Yasin Malik and Civil Society

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I’m sure that not many would agree with JKLF chairman Yasin Malik’s view that “Our movement (for the right to self determination) internally has been harmed by our literati, who should have instead strengthened it.” The JKLF chairman has maintained that the literati are guilty of the “worst form of hypocrisy” because he feels that “These people attend global conferences, talk about human rights, even go to Pakistan and tell them how to run the movement and then land in Delhi to tell the Indian government how to manage the conflict.” However, Malik isn’t the only one who holds such an uncharitable view about members of civil society. His sentiments are shared by most of our leaders and even though they may not have expressed it in so many words, their disdain for civil society and the literati is clearly palpable.

The views expressed by Malik reveals how little the separatist camp knows what civil society is all about. From his statement it appears that the JKLF chairman thinks that the sole role of civil society and the literati is to ‘strengthen’ the ongoing movement by enlisting en masse as unquestioning foot soldiers of the separatist camp. What he doesn’t seem to realise is that if this does happen then both civil society and the literati would no longer be looked upon with respect they deserve as jumping onto the separatist bandwagon would  require them to abandon intellectual debate and rational discourse. Readers would agree that it is the moral duty of civil society and the literati to help resolve disputes and settle issues by exploring all practically viable avenues. Thus engaging with all involved parties and offering a variety of suggestions and options is very much in order and something that cannot be avoided.  

Had Malik looked inwards before besmirching civil society and the literati by going back a quarter century in time then he would have realised that he too is amongst those responsible for setting the very wrong precedent of singling out renowned members of civil society when militancy started in Kashmir! This was extremely unfortunate as most of the victims were as passionate about “azadi” as the gun wielding ‘freedom-fighters’ that dispatched them for having committed the ‘crime’ of denouncing use of violence for this purpose. This practice spawned the philosophy of ‘might is right’ and the situation today can best be explained by the chilling phrase, “You’re either with us or against us!” In such an intolerant environment, articulation of views that are at variance with those expressed by separatists is akin to sacrilege and positive suggestions for improvement are interpreted as acts of treason. This is why the voices of civil society and the literati in Kashmir largely have remained rather subdued.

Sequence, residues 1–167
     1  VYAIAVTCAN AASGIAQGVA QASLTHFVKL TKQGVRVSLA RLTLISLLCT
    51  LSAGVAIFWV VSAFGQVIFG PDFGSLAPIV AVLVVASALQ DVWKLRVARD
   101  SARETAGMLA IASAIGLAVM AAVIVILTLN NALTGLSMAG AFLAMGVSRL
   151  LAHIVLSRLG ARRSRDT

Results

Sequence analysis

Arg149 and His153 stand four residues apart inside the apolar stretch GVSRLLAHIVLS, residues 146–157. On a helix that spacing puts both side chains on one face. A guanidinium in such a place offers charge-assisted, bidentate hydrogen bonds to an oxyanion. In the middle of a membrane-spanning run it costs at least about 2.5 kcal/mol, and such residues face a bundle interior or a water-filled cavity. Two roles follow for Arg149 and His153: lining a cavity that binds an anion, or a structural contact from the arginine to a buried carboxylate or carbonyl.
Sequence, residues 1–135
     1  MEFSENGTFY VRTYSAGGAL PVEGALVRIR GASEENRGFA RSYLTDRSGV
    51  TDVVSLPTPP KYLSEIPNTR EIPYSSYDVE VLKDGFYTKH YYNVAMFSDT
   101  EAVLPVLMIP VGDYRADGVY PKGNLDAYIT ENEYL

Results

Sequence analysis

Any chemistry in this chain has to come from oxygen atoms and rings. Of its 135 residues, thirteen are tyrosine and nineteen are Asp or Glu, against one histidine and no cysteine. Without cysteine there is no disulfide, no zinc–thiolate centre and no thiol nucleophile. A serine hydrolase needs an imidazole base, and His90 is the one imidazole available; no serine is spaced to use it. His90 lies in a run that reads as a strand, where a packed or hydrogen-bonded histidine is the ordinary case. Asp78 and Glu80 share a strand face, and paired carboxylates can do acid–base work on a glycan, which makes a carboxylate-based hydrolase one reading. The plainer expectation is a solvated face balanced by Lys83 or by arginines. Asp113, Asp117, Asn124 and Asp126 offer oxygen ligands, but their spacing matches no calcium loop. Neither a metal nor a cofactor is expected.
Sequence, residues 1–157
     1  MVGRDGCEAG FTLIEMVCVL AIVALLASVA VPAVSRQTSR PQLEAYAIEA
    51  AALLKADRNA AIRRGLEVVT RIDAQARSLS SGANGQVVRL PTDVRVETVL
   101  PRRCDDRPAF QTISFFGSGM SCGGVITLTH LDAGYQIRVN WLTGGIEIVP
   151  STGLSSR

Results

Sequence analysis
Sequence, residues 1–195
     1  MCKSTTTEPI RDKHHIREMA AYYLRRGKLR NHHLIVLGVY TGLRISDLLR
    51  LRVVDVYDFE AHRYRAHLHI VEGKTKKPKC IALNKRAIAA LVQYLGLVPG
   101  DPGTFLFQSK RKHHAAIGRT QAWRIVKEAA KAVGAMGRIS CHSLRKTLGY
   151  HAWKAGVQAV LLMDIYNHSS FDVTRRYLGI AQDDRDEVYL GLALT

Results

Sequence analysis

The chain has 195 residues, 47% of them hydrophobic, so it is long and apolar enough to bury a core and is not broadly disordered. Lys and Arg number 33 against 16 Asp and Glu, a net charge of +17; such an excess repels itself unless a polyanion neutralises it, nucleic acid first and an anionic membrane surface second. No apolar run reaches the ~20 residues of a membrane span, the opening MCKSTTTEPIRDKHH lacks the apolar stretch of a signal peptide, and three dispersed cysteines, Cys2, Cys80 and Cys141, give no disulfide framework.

However, more than the fear of being branded a ‘traitor’ it is the refusal of our leaders to pay heed to positive suggestions and sincere advice offered by members of civil society and the literati that dissuades them from getting involved. Civil society and the literati need to be given the respect they deserve for their intellect. They can’t be expected to blindly endorse everything and anything that our leaders say or do. Therefore, to call them hypocrites just because they “attend global conferences, talk about human rights, even go to Pakistan and tell them how to run the movement and then land in Delhi to tell the Indian government how to manage the conflict,” is downright humiliating. The separatists should realise that resolution of the Kashmir issue is something much more than just giving hartal calls, addressing protest rallies and attending iftar parties at the Pakistan High Commission in New Delhi. 

Let us also not forget that the negative fallout of many a serious blunders made by those leading the struggle for the ‘right to self determination’ have been mitigated to a great extent by the sustained efforts of civil society and the literati. I’d rather not delve any further on this point as it would tantamount to washing dirty linen in public but I hope that those who consider members of civil society and the literati to be “hypocrites” will introspect and change their opinion. Lastly, irrespective of what the separatists feel, the public should not despair as members of civil society and the literati are a mature and responsible lot that would not be put off by aspersions cast on their ethical conduct by separatists. Even if Malik thinks that they are “collaborators,” members of civil society and the literati will sincerely and silently continue to do their duty by interacting with all concerned, making positive suggestions and offering sound advice even if some of the same annoy the separatists!

Niloofar Qureshi is a New Delhi based columnist. She can be reached at: niloofar.qureshi@yahoo.com>

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